My Trini friends had told me not to wear anything too revealing. I had been wearing a crewneck short sleeve shirt during this conversation, and they said that was too revealing. So I found some churchy clothes and got ready to go. We follow the directions we’d been given on this fancy calligraphed invitation—it’s right by a golf course. When we find it, the house looks like a mall. There’s a giant gate out front and maybe the house is five stories…it’s tall. Karin, Aaron’s student, sneaks out of the wall holding gingerly a gym duffle bag. We greet him, he shakes our hands, and then shows us his puppy he’s hiding from his parents in the bag. I guess it’d be easy to hide a puppy in a five story house. We go in, and the house now resembles a hotel more than anything. The front of it is an area that opens out onto the lawn like a lobby. There are giant bamboo structures with diyas glued on every part of the bamboo to hold all of the candles.
Diwali is the festival of lights. They look like giant spiders—very cool. Karin’s parents come up and thank us for coming. They lead us to the large back yard, which is covered with those tents that were too expensive for us to rent for our wedding in case it rained. There are a few other people there—they can tell we’re Americans and they ask us who we are voting for. These people don’t look like democrats, and knowing the students at our school and how their families own everything in the country, it’s pretty clear they’re not democrats. We both pause, about 10 seconds, and realize that the other one isn’t going to say it, so at the same time, we both say: Obama. Everyone laughs, just a little condescendingly. And the conversation doesn’t really pick up after that. Fortunately, more people start to come and we end up talking to some other parents, many of whom brought their older girls who are wearing those handkerchief shirts that don’t have backs. (I mention this to the girls who told me to dress appropriately and they said: Well, those aren’t the classy girls, are they?) The party has been catered with roti. There are a few kinds of roti—paratha (or buss up shut, because it looks like a “busted up shirt”) is torn and buttery and you use it to scoop up the food in small pieces. This is mainly for special occasions, but it’s becoming more common, I hear—used to be the best place to get some were Indian weddings. It’s really spicy and all vegetarian. The non-Indian Trinis tease by saying how nice some meat and wine would be, but everything’s delicious. Dessert is a buffet of lots of colorful Indian sweets.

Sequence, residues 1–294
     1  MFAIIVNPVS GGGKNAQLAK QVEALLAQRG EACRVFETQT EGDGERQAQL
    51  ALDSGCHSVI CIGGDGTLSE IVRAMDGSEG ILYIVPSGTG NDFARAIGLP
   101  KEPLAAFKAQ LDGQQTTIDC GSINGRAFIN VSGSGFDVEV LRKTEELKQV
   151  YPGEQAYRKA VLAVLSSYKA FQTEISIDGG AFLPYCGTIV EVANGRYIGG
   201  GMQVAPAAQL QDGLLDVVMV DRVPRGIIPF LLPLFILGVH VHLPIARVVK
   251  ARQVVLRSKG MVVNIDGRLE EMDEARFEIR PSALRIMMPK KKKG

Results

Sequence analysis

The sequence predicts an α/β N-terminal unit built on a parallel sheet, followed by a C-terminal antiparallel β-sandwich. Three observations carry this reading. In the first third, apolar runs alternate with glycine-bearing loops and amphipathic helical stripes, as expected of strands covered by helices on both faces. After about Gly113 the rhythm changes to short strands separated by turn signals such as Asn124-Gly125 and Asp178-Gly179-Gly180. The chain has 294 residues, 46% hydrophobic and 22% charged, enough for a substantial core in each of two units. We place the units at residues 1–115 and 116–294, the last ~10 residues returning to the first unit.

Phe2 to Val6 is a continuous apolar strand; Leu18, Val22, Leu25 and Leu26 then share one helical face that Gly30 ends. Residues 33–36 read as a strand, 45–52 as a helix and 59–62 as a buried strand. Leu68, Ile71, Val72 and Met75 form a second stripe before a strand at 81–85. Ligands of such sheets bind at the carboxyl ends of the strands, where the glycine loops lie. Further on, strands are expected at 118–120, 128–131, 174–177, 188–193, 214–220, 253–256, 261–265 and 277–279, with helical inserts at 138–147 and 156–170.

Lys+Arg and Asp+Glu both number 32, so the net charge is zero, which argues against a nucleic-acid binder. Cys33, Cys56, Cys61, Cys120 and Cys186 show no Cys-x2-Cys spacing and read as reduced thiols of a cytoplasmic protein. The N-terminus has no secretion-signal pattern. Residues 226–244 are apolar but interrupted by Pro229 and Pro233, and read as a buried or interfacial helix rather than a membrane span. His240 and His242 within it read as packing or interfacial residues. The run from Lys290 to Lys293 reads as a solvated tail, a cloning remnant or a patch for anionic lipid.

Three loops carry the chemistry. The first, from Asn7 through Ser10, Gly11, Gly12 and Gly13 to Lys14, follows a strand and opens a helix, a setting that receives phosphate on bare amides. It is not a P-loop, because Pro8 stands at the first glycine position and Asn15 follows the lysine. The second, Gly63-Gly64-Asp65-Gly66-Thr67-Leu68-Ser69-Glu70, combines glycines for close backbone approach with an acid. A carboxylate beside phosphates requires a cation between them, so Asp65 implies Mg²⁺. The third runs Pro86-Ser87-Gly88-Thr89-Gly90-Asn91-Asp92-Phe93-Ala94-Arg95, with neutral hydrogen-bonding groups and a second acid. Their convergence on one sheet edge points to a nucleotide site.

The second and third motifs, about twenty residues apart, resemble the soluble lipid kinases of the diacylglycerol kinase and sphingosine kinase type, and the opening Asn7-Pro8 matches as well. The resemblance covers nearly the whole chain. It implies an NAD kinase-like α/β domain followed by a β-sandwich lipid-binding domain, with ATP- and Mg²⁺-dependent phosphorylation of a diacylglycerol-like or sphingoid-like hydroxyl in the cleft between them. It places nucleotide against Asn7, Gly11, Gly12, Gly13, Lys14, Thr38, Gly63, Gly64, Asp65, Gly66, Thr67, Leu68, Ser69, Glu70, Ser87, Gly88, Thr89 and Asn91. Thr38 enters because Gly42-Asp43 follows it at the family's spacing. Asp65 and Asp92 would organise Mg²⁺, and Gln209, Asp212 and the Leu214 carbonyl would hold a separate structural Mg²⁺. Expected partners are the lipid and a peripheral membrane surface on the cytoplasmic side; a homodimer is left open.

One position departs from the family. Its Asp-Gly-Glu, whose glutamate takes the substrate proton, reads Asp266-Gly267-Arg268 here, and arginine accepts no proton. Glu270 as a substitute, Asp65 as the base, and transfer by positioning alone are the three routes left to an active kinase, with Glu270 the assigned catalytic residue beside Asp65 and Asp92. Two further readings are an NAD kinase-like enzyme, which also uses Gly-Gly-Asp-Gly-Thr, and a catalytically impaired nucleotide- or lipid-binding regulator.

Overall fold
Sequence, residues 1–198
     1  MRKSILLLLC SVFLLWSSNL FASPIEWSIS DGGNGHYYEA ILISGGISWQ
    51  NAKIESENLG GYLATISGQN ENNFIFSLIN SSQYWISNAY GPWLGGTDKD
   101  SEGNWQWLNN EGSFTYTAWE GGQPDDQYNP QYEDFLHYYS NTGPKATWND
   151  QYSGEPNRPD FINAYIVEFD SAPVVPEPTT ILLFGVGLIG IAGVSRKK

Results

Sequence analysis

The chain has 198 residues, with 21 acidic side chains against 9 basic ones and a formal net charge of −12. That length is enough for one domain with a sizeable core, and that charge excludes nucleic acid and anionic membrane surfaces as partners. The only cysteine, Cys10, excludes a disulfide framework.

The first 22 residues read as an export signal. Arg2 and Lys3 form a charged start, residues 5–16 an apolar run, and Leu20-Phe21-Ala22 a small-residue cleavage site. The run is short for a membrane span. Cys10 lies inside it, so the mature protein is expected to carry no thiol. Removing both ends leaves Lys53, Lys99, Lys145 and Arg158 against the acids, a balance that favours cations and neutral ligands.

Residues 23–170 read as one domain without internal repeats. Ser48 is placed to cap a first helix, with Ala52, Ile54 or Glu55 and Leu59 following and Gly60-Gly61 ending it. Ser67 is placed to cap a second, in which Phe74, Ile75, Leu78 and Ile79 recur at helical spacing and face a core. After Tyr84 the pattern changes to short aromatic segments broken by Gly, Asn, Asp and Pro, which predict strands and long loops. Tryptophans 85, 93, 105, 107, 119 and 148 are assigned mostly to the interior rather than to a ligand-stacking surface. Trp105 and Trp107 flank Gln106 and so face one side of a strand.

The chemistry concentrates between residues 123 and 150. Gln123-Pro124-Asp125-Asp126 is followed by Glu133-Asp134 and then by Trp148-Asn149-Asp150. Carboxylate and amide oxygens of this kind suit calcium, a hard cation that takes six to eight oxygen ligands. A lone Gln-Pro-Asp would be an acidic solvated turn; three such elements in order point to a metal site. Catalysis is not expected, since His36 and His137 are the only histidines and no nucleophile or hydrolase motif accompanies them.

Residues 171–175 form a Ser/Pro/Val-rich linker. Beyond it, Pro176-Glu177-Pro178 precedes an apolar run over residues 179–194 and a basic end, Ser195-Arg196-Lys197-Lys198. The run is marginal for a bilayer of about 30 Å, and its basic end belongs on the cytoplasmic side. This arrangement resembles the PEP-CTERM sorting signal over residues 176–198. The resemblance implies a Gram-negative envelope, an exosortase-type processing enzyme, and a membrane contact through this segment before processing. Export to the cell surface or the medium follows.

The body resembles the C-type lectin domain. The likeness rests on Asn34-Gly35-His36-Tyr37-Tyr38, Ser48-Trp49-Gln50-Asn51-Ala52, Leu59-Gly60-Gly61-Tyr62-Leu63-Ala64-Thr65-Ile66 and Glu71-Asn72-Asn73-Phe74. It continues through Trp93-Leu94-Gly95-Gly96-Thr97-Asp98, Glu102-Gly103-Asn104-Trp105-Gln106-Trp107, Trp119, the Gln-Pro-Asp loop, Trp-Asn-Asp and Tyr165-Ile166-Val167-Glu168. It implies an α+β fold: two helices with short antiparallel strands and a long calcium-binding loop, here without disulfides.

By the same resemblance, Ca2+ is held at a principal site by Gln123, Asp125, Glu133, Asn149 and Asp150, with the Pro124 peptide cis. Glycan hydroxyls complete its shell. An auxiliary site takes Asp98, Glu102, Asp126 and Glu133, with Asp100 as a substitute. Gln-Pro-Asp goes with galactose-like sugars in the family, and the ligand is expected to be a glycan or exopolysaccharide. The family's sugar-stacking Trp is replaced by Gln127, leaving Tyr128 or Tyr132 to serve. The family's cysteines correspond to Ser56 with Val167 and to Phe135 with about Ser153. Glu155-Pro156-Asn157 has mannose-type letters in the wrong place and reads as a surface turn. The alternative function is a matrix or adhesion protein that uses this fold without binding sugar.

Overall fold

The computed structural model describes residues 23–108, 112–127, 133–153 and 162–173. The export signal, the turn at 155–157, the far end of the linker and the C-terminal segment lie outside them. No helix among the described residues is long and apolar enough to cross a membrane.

Then, the fireworks start. Turns out our students are in charge of the fireworks. They start setting them off in the tiny spaces in the yard left between the wall and the bamboo structures. The fireworks are pretty intense (my kids had told me about the illegal Venezuelan ones they had had imported) so it’s good fun for the 6th-8th grade boys. Parents do some combination of shielding the younger kids, running back in the house, and telling the kids to stop shooting fireworks. The fireworks continue. I’ve never been present to watch the big city fireworks that go 100 feet up in the air start—it’s pretty amazing since they don’t look that different from normal neighborhood fireworks. And it’s a little precarious to watch my somewhat motor-skills limited 6th grade students in charge of them. It’s tempting, as their disciplinarians during the day, to try to carry out the parents’ wishes to stop the fireworks, but no way am I going to try that. As I watch this strange power struggle with the parents definitely losing, I see a gun sticking out of one of the dad’s pants. (I ask the other teachers about him the next day and they said some of the families are in good money and some are in bad money and I shouldn’t ask any other questions.) Shortly after, the kids run out of fireworks and we head home. Everyone is full of curry, but unburned.

Chagaramas National Park

This is the national park near where we live. All the other teachers live within sight of the school, but we are about a 10 minute drive. It is worth it to live near Chagaramas. We go on hikes here and I hear there are mountain biking trails so we'll have to look into that!

This trail is called Bamboo Cathedral. (Tom took a bunch of these pics--he always remembers his camera.)